Set 2 – One on One Full Court Pressing Drills
Besides the 1 on 0 Dribble Drills outlined in a previous article, “Dribbling Basics for All Players,” I liked to expose my perimeter players (and in some cases, all players) to a series of 1 on 1, 2 on 2, and 3 on 3 drills for handling pressure defenses. One or more were often worked on daily in early season practices, but at least every other day in season. The drills presented in this article and the ones to follow are in order from “simple to advanced,” eventually leading to the attack for the more difficult “Run & Jump” type defenses. I recommend spending a couple of sessions on one or two drills at a time until the basics have been learned before advancing to more advanced ones. Then, as the season approaches, rotate through the drills each week using one or two each practice.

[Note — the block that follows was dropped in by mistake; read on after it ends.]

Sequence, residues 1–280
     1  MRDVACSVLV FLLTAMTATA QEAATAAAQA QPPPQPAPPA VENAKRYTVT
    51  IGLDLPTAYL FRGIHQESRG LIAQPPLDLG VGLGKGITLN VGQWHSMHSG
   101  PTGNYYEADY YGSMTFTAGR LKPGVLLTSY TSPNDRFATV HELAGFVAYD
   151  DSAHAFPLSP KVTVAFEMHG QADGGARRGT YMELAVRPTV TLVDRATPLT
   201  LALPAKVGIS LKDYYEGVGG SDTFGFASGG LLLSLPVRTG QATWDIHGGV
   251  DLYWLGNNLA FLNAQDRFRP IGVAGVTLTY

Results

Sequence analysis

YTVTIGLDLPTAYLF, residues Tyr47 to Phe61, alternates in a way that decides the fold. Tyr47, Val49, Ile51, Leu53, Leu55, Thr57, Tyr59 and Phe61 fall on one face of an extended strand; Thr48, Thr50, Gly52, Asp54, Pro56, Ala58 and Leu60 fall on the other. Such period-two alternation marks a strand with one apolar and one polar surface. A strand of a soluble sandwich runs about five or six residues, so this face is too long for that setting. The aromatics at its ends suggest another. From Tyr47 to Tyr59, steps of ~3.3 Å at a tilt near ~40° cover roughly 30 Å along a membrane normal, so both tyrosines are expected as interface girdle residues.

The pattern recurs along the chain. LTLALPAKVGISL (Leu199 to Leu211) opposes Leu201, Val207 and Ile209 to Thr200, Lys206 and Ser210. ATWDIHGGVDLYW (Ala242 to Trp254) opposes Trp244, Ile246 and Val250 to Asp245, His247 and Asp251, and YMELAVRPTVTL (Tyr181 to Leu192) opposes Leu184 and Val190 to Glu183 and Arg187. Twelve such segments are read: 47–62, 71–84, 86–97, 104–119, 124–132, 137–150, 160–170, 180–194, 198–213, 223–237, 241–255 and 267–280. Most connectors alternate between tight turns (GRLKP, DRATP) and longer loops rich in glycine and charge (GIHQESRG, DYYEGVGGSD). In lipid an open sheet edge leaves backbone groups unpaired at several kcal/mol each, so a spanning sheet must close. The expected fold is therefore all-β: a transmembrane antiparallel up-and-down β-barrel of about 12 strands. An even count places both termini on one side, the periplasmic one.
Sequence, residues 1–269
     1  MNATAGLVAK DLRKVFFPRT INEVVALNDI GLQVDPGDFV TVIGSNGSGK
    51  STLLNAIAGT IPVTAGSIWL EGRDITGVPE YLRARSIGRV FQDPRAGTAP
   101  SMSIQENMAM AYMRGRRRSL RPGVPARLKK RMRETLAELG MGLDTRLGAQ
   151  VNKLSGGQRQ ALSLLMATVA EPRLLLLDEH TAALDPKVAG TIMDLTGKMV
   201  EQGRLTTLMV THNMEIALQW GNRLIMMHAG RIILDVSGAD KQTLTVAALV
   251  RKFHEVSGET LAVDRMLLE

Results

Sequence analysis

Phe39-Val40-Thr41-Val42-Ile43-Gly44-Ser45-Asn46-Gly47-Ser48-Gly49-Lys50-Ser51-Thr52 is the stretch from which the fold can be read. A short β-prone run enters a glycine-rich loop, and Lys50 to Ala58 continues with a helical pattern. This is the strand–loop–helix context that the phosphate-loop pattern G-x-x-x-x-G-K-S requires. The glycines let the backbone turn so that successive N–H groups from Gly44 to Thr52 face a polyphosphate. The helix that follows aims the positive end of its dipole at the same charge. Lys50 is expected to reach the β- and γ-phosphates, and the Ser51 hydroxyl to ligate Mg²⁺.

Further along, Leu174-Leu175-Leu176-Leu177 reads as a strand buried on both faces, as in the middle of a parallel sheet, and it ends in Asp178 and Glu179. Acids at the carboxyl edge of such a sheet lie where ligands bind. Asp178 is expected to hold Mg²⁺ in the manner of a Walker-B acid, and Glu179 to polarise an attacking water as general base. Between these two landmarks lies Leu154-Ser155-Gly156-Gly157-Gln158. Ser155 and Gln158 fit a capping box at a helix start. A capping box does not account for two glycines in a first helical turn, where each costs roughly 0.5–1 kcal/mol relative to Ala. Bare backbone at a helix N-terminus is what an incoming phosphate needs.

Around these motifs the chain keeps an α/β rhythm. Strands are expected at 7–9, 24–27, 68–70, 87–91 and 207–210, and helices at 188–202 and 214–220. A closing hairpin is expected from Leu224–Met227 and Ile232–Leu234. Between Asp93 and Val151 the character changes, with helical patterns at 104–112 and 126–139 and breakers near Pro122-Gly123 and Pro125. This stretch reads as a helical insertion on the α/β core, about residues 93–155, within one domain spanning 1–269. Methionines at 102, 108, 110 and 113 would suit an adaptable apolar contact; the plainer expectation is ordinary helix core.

As I have stated before, I don’t believe in dribbling around cones or trash cans. I don’t use stunts like sending a defender up into the bleachers and expecting him to run back down and chase a teammate dribbling to a basket. I just want “game-like” 1 on 1 work. Here are two basic “1 on 1 Drills” I have used for teaching players how to beat a full court defender.
Drill #1 – 1 on 1 – Zig Zag Warmup
This drill breaks the team into pairs, each with a ball. The court is divided into thirds length-wise: sideline to lane line, lane line to lane line (middle), and other lane line to other sideline. The groups line up in the three areas along the baseline with one player having the ball and the other defending him. This is basically a warmup drill for defending and for dribbling, but a softer warmup should proceed it like the 1 on 0 Dribbling Drills from a previous article.